Ch.11 - Liquids, Solids & Intermolecular ForcesWorksheetSee all chapters
All Chapters
Ch.1 - Intro to General Chemistry
Ch.2 - Atoms & Elements
Ch.3 - Chemical Reactions
BONUS: Lab Techniques and Procedures
BONUS: Mathematical Operations and Functions
Ch.4 - Chemical Quantities & Aqueous Reactions
Ch.5 - Gases
Ch.6 - Thermochemistry
Ch.7 - Quantum Mechanics
Ch.8 - Periodic Properties of the Elements
Ch.9 - Bonding & Molecular Structure
Ch.10 - Molecular Shapes & Valence Bond Theory
Ch.11 - Liquids, Solids & Intermolecular Forces
Ch.12 - Solutions
Ch.13 - Chemical Kinetics
Ch.14 - Chemical Equilibrium
Ch.15 - Acid and Base Equilibrium
Ch.16 - Aqueous Equilibrium
Ch. 17 - Chemical Thermodynamics
Ch.18 - Electrochemistry
Ch.19 - Nuclear Chemistry
Ch.20 - Organic Chemistry
Ch.22 - Chemistry of the Nonmetals
Ch.23 - Transition Metals and Coordination Compounds

Solution: Gases, liquids, and solids. Chlorine, bromine, and iodine are all made up of diatomic molecules as a result of covalent bonding. However, due to differences in the strength of the i

Problem

In chlorine (Cl2), a gas, particles are far apart and possess complete freedom of motion. Kinetic energies of particles are greater than energies of particle–particle attraction. In bromine (Br2), a liquid, particles are closely packed but randomly oriented and retain freedom of motion. Kinetic energies of particles are similar to energies of particle–particle attraction. In iodine (I2), a crystalline solid, particles are closely packed in an ordered array and positions are essentially fixed. Energies of particle–particle attraction are greater than kinetic energies of particles.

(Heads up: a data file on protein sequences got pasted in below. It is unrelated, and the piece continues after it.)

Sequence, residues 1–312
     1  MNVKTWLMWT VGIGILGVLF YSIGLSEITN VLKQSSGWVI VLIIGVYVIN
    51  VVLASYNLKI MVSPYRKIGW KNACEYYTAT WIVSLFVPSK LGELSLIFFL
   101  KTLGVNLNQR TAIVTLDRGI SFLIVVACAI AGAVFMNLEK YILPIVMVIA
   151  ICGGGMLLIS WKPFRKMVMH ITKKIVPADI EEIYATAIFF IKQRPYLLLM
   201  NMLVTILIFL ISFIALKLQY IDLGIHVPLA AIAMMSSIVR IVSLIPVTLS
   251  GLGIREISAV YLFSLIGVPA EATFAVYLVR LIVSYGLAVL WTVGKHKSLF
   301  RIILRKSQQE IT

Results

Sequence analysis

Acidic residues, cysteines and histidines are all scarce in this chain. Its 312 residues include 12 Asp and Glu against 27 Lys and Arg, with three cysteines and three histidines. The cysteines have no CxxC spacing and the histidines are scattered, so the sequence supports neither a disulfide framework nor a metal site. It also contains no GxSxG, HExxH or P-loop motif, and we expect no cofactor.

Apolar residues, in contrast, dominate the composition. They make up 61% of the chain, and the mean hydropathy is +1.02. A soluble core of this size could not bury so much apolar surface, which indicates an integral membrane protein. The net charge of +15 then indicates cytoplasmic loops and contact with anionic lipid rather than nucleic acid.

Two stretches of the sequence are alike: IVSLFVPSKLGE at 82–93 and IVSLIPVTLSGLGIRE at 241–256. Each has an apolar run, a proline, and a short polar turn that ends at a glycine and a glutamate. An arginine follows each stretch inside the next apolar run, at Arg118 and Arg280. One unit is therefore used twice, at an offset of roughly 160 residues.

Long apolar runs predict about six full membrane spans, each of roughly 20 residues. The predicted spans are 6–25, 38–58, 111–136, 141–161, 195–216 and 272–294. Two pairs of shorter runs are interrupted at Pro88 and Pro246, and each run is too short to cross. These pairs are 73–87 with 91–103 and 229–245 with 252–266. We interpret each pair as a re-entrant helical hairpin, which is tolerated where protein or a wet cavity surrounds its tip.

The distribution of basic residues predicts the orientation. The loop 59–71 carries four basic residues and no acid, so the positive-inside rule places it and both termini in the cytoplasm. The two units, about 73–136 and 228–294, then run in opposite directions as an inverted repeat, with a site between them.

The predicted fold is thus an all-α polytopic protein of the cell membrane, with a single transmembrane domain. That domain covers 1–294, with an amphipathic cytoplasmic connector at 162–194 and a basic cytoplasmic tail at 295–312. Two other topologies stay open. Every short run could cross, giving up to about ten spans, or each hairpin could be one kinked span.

Gases, liquids, and solids. Chlorine, bromine, and iodine are all made up of diatomic molecules as a result of covalent bonding. However, due to differences in the strength of the intermolecular forces, they exist in three different states at room temperature and standard pressure: Cl2 gaseous, Br2 liquid, I2 solid.

For a given substance, do you expect the density of the substance in its liquid state to be closer to the density in the gaseous state or in the solid state?